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married, Odette de Crécy, is told at length. At first it seems to have no relation to the consciousness of the narrator; it must have taken place before he was even born. But, although the history of Swann and Odette cannot have been obtained by any exploration of the mental hinterland such as yielded the first part of the story, it becomes apparent that the behaviour of Swann's mind during his love-affair is governed by the same laws that operated in the writer's rediscovery of his childhood. While Swann's passion for Odette grows, hers for him cools; but, in the midst of his agony, his knowledge and memory of their love seem to have dissolved. Sentit et excruciatur'; but what he has lost he cannot tell, until one night he goes to a musical evening in the Faubourg St Germain. If we had to choose a single episode from M. Proust's enormous book as a sample of the whole, it would be the twenty odd pages describing this evening. In a sense they are too good to be truly representative; but every quality that can be found in them will be found in a more or less concentrated form throughout the work. But, whereas in the rest of the book they are often, as it were, held in solution, here they are solidified into crystals.

That complete projection of the sensibility which distinguishes great literature is here beautifully accomplished. Since it is impossible to continue the description of M. Proust's book at length, we may try to give an account of this episode.

Swann, the darling of the most exclusive Parisian society, preoccupied with his love for Odette, has given up frequenting it. When he enters Mme de Ste Euverte's house on this evening, what was once familiar has become strange to him. He finds himself in an alien universe. Of the multitude of lackeys on the stairs, each one appears to him mysterious, and evokes in him an image, from the first who, in approaching him, semblait témoigner du mépris pour sa personne, et des égards pour son chapeau.' At last with an accumulated sense of strangeness he enters the salon. He sees a number of once familiar friends, like himself wearing monocles. But to-night their monocles, instead of passing unnoticed, are peculiar; General de Froberville's seems like "a wound that it was glorious to receive but indecent to display, the Marquis of Forestelle's 'a superfluous



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cartilage whose presence was inexplicable and material precious'; while M. de Palancy's 'grosse tête de carpe aux yeux ronds ... avait l'air de transporter seulement avec lui un fragment accidentel et peut-être purement symbolique du vitrage de son aquarium.' By these curious and striking images we are made to feel how utterly foreign to Swann is become his once habitual environment. He stands near by a fashionable lady, Mme de Franquetot, and her country cousin, Mme de Cambremer, and watches their strange contortions to mark their interest in the music. Then the feelings of Mme de Gallardon, a connexion of the Guermantes, are described. Then the young Princesse de Laumes, soon to be

, the Duchesse de Guermantes, enters. Mme de Gallardon makes a not too successful attempt to enter into conversation with her, and is snubbed. M. de Froberville tries to be introduced to Mme de Cambremer's daughter-inlaw. The Princesse de Laumes shows her contempt for the princes of the Empire, and catches sight of Swann. He refuses her invitation to Guermantes, introduces Froberville to young Mme de Cambremer, and longs to bury himself in this place où Odette ne viendrait jamais,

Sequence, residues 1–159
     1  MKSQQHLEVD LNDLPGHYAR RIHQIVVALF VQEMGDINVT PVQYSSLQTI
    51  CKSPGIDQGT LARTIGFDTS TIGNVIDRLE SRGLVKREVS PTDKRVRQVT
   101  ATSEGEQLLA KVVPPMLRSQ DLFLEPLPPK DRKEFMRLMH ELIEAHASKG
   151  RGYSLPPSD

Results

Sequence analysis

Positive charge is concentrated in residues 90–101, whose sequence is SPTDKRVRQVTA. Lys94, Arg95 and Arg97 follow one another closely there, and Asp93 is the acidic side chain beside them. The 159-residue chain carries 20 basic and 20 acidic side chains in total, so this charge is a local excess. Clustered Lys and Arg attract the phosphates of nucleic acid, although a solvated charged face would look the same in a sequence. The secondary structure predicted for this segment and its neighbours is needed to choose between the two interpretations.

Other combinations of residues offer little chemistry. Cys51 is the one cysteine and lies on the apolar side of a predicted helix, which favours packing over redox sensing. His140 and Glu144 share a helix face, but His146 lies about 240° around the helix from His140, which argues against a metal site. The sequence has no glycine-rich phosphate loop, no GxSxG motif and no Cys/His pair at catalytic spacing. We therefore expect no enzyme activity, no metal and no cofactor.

' où personne, où rien ne la connaissait, d'où elle était entièrement absente.'

Suddenly the pianist begins a sonata, and Swann hears a little musical phrase to which he and Odette had listened together in the salon where they used continually to meet.

*Et avant que Swann eût eu le temps de comprendre, et de se dire: “C'est la petit phrase de la sonate de Vinteuil, n'écoutons pas !” tous ses souvenirs du temps où Odette était éprise de lui, et qu'il avait réussi jusqu'à ce jour à maintenir invisibles dans les profondeurs de son être, trompés par ce brusque rayon du temps d'amour qu'ils crurent revenu, s'étaient réveillés, et, à tire d'aile, étaient remontés lui chanter éperdument, sans pitié pour son infortune présente, les refrains oubliés du bonheur.' All the particularity of his love returns with a stab; in a moment of time he recalls every incident of it.

• Et Swann aperçut, immobile en face de ce bonheur revécu, un malheureux qui lui fit pitié parce qu'il ne le reconnut pas tout de suite, si bien qu'il dut baisser les yeux pour qu'on ne vît pas qu'ils étaient pleins de larmes. C'était lui-même.

Quand il l'eut compris, sa pitié cessa, mais il fut jaloux de l'autre lui-même qu'elle avait aimé, il fut jaloux de ceux dont il s'était dit souvent sans trop souffrir, “ elle les aime peut-être,” maintenant qu'il avait échangé l'idée vague d'aimer, dans laquelle il n'y a pas d'amour, contre les pétales du chrysanthème et l'"en tête" de la Maison d'Or qui, eux, en étaient pleins. Puis sa souffrance devenant trop vive, il passa sa main sur son front, laissa tomber son monocle, en ossuya le verre. Et sans doute s'il s'était vu a ce moment-là, il eût ajouté à la collection de ceux qu'il avait distingués le monocle qu'il déplaçait comme une pensée importune et sur la face embuée duquel, avec un mouchoir, il cherchait à effacer des soucis.'

After the section of which this episode is the culmination, the narrative returns, apparently for good, to the growing consciousness of the boy. His adolescent love for Swann's daughter; his visit to the Brittany seaside at Balbec where he meets another love, Albertine, and one of the less fashionable but authentic Guermantes, Mme de Villeparisis, and her nephew, Robert de SaintLoup, who becomes his intimate friend; the death of his grandmother; his entry into the central shrine of the Guermantes by dining with the Duchess herself; his encounter with yet another Guermantes, M. de Charlusthese incidents are the bare skeleton of the three following volumes. But they are treated with such a wealth of psychological detail that a summary of the incidents, however lengthy, could only be misleading.